“Four years ago, we recommended Barack Obama be elected. He offered himself as someone who could bridge the wide chasm between Democrats and Republicans. However, after four years, the situation has worsened.”
“Mr. Obama may have great ideas, but if he can’t get them through Congress — and there’s no reason to think anything on that account will change after Nov. 6 — they are worthless.”
“Some of the warnings about Obama’s lack of legislative and leadership skills have come true over the past four years. It is not worth risking the state of our economy for the next four years to see whether his learning curve really is behind him.”
“Class warfare might be a successful strategy for cobbling together 270 electoral votes. But it’s not the way to unite a divided nation. The president comes to town on a Monday, takes our money, shakes our hands and tells us how much he values the CEOs and innovators of New York. And then on Tuesday, he turns around and refers to business leaders as fat cat bankers whose success was created by the sweat of others. That’s not a friend. That’s not a leader. That’s a politician.”
“Voters may well wonder if Obama even knows what it means to get spending under control.”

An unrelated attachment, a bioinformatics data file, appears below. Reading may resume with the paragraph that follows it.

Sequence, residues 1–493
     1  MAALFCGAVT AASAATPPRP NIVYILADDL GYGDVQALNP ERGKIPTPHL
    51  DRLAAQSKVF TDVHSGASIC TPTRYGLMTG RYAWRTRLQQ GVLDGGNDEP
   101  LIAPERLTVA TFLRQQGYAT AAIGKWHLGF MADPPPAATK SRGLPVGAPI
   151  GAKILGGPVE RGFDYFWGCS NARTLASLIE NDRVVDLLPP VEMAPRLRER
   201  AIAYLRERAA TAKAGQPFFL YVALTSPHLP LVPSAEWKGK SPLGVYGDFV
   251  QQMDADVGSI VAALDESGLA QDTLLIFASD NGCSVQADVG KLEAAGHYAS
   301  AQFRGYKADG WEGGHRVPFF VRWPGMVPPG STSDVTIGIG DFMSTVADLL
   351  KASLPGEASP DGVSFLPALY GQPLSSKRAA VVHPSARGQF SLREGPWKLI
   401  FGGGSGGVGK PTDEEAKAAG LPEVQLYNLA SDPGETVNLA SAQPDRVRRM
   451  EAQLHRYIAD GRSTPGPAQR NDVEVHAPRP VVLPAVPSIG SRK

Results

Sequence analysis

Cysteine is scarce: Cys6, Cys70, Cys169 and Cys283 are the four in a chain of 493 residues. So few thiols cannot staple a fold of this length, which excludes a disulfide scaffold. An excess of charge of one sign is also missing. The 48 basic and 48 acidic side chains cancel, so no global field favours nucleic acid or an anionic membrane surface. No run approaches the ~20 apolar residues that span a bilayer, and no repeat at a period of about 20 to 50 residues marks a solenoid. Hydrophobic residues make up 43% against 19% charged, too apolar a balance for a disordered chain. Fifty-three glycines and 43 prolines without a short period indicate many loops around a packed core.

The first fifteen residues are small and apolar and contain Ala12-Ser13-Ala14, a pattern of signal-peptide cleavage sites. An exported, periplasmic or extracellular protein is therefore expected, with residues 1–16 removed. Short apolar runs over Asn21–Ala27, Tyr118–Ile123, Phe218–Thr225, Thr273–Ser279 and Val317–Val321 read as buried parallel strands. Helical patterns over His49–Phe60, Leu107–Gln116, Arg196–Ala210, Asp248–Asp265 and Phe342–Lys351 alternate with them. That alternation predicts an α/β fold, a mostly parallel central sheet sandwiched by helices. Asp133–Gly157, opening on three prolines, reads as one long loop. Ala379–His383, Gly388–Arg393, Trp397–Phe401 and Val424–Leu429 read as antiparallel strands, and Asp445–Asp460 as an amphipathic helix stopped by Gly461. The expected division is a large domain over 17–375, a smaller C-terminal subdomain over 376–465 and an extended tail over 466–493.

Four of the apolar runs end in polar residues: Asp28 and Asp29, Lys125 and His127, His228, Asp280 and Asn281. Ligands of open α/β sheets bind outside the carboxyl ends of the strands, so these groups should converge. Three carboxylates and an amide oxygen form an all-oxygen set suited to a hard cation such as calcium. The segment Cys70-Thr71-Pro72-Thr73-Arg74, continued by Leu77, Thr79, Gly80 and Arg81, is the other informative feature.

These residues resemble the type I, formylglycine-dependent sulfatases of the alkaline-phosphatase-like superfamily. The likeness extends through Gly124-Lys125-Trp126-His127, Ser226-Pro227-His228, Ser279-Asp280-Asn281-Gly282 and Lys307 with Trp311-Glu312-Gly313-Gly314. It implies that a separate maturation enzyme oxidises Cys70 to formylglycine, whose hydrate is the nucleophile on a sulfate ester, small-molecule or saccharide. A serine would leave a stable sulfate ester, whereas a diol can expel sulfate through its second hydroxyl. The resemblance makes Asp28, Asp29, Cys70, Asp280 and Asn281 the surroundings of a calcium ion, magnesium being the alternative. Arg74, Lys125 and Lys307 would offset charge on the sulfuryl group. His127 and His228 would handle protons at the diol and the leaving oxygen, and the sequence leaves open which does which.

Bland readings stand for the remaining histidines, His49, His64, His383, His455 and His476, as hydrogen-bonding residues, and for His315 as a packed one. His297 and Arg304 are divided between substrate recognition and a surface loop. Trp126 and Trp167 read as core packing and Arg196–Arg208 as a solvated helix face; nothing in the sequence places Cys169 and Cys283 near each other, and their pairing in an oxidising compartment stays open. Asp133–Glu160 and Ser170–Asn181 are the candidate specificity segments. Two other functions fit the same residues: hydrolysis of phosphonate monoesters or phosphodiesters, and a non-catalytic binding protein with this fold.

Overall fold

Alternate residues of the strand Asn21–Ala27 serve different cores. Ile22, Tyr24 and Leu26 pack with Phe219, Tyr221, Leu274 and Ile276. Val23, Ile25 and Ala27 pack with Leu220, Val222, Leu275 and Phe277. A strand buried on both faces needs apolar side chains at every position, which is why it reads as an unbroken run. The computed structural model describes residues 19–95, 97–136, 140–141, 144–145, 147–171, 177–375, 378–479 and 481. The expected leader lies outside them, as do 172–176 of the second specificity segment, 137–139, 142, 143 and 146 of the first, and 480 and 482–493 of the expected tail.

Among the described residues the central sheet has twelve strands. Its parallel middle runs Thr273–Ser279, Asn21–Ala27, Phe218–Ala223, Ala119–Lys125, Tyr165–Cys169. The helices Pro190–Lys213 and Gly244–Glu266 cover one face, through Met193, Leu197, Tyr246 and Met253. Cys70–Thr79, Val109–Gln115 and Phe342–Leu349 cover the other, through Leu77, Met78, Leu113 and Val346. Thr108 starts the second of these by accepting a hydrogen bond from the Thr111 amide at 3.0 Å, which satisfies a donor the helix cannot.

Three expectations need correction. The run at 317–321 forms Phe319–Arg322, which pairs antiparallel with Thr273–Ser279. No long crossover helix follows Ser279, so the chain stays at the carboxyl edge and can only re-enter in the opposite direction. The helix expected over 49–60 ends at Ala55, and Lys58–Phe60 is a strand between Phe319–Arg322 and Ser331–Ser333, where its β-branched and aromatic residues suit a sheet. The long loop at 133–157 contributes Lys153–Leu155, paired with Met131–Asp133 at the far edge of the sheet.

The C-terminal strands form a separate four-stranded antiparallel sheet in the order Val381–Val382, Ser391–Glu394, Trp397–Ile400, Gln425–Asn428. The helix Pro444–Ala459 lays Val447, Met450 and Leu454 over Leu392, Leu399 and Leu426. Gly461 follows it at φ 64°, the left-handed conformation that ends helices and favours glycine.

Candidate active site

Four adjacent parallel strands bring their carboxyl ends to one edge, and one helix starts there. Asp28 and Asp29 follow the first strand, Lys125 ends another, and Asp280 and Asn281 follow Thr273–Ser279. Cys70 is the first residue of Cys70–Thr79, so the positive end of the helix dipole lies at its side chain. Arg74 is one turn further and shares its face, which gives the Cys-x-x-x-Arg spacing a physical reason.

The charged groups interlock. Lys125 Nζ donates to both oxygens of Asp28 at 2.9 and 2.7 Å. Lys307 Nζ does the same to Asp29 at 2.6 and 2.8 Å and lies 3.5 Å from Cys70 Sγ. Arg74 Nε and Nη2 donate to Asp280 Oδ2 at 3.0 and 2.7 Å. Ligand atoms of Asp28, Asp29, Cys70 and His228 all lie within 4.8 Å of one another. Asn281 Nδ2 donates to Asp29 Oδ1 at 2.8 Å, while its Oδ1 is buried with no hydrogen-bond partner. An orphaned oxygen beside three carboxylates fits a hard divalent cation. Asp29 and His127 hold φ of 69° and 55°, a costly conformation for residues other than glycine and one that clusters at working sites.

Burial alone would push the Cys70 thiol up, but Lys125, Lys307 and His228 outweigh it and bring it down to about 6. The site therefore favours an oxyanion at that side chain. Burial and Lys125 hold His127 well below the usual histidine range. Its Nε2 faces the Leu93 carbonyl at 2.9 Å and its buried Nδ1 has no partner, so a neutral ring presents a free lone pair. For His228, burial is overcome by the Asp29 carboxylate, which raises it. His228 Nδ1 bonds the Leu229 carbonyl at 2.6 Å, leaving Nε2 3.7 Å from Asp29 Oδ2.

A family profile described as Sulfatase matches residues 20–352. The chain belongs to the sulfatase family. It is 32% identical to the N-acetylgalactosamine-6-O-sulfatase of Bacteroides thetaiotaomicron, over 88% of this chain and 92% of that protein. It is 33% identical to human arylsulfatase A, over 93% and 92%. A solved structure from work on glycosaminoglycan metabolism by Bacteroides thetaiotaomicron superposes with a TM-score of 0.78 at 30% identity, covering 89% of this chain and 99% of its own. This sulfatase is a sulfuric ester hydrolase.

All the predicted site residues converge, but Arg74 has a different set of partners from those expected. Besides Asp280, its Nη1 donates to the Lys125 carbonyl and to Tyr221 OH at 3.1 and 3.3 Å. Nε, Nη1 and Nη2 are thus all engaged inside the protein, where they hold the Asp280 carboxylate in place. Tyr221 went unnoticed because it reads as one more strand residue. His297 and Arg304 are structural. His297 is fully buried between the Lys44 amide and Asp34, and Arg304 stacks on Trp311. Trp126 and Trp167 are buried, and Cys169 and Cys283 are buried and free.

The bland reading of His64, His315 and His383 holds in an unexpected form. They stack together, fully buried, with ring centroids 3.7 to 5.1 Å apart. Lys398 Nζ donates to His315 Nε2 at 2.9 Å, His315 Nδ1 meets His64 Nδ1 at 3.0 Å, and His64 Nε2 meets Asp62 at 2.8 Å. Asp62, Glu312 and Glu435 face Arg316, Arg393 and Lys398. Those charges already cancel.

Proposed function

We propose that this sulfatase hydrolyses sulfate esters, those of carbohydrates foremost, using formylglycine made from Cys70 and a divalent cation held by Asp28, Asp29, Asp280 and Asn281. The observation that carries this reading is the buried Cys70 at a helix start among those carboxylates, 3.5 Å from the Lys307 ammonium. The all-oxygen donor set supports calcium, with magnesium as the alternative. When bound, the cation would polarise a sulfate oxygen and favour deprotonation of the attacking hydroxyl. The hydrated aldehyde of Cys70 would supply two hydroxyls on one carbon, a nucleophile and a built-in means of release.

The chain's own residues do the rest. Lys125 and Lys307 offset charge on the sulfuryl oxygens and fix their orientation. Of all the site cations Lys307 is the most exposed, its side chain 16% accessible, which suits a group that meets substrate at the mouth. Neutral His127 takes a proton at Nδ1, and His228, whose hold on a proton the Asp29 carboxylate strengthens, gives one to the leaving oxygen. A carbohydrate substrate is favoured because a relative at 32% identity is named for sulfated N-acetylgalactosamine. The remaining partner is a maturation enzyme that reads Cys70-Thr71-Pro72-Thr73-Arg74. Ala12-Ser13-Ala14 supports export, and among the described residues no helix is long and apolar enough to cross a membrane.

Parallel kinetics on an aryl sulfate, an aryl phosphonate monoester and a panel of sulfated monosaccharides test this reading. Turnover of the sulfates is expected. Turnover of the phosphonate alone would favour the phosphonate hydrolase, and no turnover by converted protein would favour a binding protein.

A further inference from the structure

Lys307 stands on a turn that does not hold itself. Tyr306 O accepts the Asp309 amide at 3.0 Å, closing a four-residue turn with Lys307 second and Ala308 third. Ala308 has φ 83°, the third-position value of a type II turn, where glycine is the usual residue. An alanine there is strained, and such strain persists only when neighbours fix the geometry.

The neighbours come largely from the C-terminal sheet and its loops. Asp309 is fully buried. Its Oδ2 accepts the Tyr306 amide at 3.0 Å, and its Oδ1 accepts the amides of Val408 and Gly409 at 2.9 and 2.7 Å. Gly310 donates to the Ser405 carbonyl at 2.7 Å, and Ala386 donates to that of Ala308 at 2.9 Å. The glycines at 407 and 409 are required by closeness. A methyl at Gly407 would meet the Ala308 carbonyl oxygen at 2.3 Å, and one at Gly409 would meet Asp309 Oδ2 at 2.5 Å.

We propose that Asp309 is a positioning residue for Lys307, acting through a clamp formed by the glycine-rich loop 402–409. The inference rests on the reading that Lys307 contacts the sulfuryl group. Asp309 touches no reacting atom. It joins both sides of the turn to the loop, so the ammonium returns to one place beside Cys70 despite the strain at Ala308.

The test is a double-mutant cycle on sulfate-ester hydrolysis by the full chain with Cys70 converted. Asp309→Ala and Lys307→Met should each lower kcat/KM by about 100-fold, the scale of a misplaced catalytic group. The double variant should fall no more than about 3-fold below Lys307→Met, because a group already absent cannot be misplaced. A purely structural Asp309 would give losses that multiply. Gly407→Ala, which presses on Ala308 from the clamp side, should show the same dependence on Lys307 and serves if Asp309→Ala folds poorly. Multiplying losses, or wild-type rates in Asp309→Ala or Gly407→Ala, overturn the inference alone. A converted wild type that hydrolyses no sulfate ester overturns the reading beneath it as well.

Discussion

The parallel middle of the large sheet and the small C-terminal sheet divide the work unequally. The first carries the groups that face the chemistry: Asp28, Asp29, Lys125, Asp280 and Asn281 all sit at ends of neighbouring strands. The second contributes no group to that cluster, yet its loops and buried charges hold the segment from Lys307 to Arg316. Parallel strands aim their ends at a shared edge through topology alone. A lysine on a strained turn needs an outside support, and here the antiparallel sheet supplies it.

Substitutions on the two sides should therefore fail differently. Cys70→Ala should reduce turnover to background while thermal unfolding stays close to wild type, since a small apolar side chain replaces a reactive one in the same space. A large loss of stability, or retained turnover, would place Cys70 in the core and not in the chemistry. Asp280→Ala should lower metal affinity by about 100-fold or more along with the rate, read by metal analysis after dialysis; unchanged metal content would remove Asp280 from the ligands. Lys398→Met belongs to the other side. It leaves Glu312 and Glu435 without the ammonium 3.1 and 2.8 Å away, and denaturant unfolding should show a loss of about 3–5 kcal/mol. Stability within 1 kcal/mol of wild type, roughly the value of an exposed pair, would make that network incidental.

“Instead of following through on his hope-and-change message, Obama keeps telling us the limits of hope and change.”
“In 2008, an unproven Obama promised things would turn out differently with him in charge. “Change we can believe in” is how he put it. Four years later we realize it was all made up.”
“It was the vision of hope and change that convinced us four years ago to support then-Sen. Barack Obama over Sen. John McCain. Today, there is little hope in how another four years of an Obama administration would swiftly and effectively lift our country out of its economic doldrums, and there is little change in how Washington operates.”
“Good intentions, repeated promises and lofty rhetoric are no substitute for sound economics and a foreign policy grounded in realism and strength.”
“Obama spent a year to win razor-thin passage of a divisive law that has spawned fights over expensive mandates, new taxes and infringement of religious liberties.”